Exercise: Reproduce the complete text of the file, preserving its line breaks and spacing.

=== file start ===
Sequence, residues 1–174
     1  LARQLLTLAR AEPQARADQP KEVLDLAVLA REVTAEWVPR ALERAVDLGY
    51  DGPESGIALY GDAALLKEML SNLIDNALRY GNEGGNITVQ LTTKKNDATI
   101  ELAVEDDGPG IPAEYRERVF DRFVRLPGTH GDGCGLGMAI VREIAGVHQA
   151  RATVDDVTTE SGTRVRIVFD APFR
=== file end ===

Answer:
Sequence, residues 1–174
     1  LARQLLTLAR AEPQARADQP KEVLDLAVLA REVTAEWVPR ALERAVDLGY
    51  DGPESGIALY GDAALLKEML SNLIDNALRY GNEGGNITVQ LTTKKNDATI
   101  ELAVEDDGPG IPAEYRERVF DRFVRLPGTH GDGCGLGMAI VREIAGVHQA
   151  RATVDDVTTE SGTRVRIVFD APFR